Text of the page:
“If you are not available without good reason when the health professional visits, the decision maker at the Department for Work and Pensions is likely to disallow your claim.”
What is good reason? Is the fact that the time they’ve allocated the time I’m usually napping a good reason? Probably not. Is the fact that it’s over lunch time on Valentine’s and that I’d like to spend it with my husband because such days have extra meaning when you are living with a life threatening illness? Also probably not. So what do I do? I behave like I’m told and I wait for the two hour slot there given me, not knowing the name of the person visiting or whether they are male or female or what their training and qualifications are. In fact, whilst they know every personal detail about me and have right of access to my home at their discretion…I know not one fact about them. This is not person centred care. This is dictatorship.
I know people who read my blog may be thinking ‘you’re so active how can you be classed as disabled’ and so I think it’s important to highlight some things for those who don’t know me or who haven’t personally experienced cancer…
Some days are great. I manage some yoga and do some reading and maybe even see a friend for lunch before spending an evening cozied on the sofa with my hubby. The next day I’m shattered though. In contrast, however, some days are awful. I get up in pain, I don’t manage to eat, I’m chained to the bathroom floor for hours unable to move due to constant sickness. When I finally venture out I make it to the sofa where I spend the next few days. Or there are other days where it starts out great and I go out ready to enjoy a day and then I am suddenly rushing to a public bathroom where I embarrassingly spend hours, desperately wishing I was home.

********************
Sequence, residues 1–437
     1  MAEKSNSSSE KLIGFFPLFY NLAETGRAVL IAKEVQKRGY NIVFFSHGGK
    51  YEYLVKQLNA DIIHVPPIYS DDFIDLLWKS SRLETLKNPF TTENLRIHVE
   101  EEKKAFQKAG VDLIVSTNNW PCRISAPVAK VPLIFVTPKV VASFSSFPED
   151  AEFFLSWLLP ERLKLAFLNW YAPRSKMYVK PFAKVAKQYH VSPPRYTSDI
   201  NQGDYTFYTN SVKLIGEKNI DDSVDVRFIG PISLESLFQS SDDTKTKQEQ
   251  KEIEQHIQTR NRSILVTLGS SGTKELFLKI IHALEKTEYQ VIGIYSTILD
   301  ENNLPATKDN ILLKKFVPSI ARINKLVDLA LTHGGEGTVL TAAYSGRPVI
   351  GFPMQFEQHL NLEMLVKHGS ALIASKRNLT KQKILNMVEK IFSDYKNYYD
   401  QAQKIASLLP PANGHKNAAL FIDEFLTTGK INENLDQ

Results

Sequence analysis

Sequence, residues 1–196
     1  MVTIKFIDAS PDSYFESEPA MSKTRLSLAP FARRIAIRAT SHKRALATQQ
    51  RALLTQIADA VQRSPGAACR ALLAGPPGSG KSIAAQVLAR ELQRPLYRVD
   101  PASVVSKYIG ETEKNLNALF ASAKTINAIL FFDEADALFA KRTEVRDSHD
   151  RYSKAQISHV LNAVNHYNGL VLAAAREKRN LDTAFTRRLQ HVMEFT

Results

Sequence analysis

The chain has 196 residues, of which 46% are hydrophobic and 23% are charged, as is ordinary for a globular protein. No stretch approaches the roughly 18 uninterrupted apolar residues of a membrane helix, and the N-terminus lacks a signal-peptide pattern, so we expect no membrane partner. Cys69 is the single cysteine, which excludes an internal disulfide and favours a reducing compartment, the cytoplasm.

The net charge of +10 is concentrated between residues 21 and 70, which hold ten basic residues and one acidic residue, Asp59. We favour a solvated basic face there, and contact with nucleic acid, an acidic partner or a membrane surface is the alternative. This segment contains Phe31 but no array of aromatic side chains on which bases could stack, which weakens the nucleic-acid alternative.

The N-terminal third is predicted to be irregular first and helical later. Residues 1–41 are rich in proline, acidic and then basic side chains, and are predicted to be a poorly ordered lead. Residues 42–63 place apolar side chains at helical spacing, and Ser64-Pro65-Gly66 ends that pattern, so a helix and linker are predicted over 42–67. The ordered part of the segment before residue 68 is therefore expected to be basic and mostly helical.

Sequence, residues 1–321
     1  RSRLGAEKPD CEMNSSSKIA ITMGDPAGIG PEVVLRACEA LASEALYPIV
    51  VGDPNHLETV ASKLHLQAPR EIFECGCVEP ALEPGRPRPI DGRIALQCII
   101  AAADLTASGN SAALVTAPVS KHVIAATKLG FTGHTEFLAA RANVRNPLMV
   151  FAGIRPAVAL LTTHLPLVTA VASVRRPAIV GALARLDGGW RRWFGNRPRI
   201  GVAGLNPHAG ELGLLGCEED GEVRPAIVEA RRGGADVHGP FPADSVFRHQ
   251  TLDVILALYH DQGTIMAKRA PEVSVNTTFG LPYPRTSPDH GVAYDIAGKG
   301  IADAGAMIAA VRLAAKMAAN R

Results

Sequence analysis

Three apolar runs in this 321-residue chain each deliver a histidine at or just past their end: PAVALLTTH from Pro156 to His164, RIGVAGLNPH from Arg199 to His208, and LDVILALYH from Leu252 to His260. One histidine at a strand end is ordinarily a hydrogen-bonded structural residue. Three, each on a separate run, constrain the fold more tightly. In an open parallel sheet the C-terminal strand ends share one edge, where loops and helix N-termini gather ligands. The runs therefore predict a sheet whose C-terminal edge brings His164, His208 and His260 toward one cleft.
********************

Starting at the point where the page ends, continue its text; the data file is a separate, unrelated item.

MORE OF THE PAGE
My life before was completely different. I traveled four hours a day to commute to my job. I worked full time as a researcher. I spend every evening either socialising or volunteering and in my ‘spare time’ I trained to be a hypnotherapist. I may not be disabled by sociable standards but I am disabled compared to me before. I hope the process will acknowledge this.
As I write this I am overwhelmed with fear. My life is being judged by someone who does not know me and who I do not know. They have so much power over how my life moves on from this moment. I can’t help but think that the process is disabling in itself.
I can only hope that the person who visits me today will recognise this.*
Love and light, Fi xx
*edit. The person who visited was compassionate and caring. Within minutes my fear vanished and I felt listened to. I have to still wait 6 weeks for a decision but in the meantime I am reassured that she cared. Whilst the process may be debilitating and lack a person-centred approach the human connection was real and supportive. Work needs to be done, however, to improve the ‘paperwork’.
For now I just have to wait and see if the ‘system’ recognises and values the impact invisible disabilities have on people’s lives xxx